Regardless, adolescents are still able to find meaningful connections through struggles, which is explored in Moxie Theatre and Electric Company Theatre’s production of the touching drama, I and You.
On a random school night, a young basketball player, Anthony (Miles Henry) visits his classmate’s, Caroline (Justine Sombilon), house to work on a group project about Walt Whitman’s poem, “Song of Myself.”
Caroline does not want to contribute to the report, but Anthony eventually convinces her that they need to work together in order to be successful. Over the course of the evening, Caroline starts to open up to Anthony, and a genuine friendship begins to blossom.
At first, Lauren Gunderson’s writing makes Caroline’s pessimistic and closed off personality too over the top and exaggerated.
However, once Caroline agrees to help Anthony, the narrative picks up significantly as more information is exchanged, and the rest of Gunderson’s script is full of smart, funny, and human moments.
The text highlights Whitman’s accomplishments, without losing the audience in the details. Theatregoers who love Whitman should enjoy the references to his work, and those that barely know him, will appreciate his unique voice. Gunderson’s dialogue captivates on stage, due to Callie Prendiville’s, the associate artistic director of Moxie, direction.
Prendiville’s staging (the video was filmed and edited by John Brooks) emphasizes the intimate conversations between Caroline and Anthony. Her focus on the characters allows the central relationship to be emotionally impactful as the events of the night unfold. Prendiville gets authentic performances from Sombilon and Henry’s accurate depictions of contrasting youths.The connection that forms between the unlikely friends is hard to resist, thanks to the acting from the leads. Both Caroline and Anthony are dealing with dark issues, that are intensely expressed during their individual monologues.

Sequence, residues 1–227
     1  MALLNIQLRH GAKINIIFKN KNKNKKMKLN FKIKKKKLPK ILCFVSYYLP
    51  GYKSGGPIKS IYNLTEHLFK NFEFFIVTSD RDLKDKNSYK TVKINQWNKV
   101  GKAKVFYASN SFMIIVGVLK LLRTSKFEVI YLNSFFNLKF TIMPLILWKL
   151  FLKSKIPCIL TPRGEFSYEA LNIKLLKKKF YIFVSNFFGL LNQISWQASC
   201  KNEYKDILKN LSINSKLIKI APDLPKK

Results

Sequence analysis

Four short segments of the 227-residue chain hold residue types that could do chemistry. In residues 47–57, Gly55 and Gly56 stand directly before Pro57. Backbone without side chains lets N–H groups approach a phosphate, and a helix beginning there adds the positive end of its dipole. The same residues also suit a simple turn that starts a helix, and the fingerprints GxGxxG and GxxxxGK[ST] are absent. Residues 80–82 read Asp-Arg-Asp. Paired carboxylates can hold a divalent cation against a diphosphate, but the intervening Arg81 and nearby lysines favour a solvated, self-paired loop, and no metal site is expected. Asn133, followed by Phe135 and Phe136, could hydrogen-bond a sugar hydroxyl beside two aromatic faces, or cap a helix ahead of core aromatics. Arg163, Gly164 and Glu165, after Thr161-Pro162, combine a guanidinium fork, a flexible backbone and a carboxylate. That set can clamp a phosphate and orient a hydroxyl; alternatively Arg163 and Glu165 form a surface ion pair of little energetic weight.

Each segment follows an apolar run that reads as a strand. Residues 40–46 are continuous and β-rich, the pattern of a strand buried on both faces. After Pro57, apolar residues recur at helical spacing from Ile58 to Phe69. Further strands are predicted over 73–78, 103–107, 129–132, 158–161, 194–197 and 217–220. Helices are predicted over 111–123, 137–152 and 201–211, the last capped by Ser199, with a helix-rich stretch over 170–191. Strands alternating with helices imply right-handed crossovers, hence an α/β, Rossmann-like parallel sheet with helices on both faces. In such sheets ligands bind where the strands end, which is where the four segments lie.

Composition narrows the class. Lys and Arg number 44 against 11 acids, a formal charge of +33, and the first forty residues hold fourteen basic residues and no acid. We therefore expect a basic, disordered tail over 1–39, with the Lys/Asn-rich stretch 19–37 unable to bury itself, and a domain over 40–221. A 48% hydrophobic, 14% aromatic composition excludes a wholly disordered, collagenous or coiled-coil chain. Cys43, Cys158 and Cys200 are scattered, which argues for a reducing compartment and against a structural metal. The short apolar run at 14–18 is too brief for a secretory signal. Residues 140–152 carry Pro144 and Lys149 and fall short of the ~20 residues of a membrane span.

Technical elements that standout are Reiko Huffman’s set, which amusingly depicts Caroline’s messy bedroom, and Mason Pilevsky’s audio, which features memorable uses of John Coltrane’s “Acknowledgement” from his album, “A Love Supreme,” and Jerry Lee Lewis’ “Great Balls of Fire.”
Each prerecorded Zoom presentation opens with high school students reading winning poems from Moxie’s “Song of Yourself Virtual Poetry Slam” contest, and ends with post show content.
I and You works so well, because of Gunderson’s empathetic and bittersweet depiction of finding unexpected hope in difficult times. The story resonates equally with high school students and older adults.
I and You is available for viewing through March 28.
Show times are Fridays and Saturdays at 7:30 p.m, and Sundays at 2:00 p.m.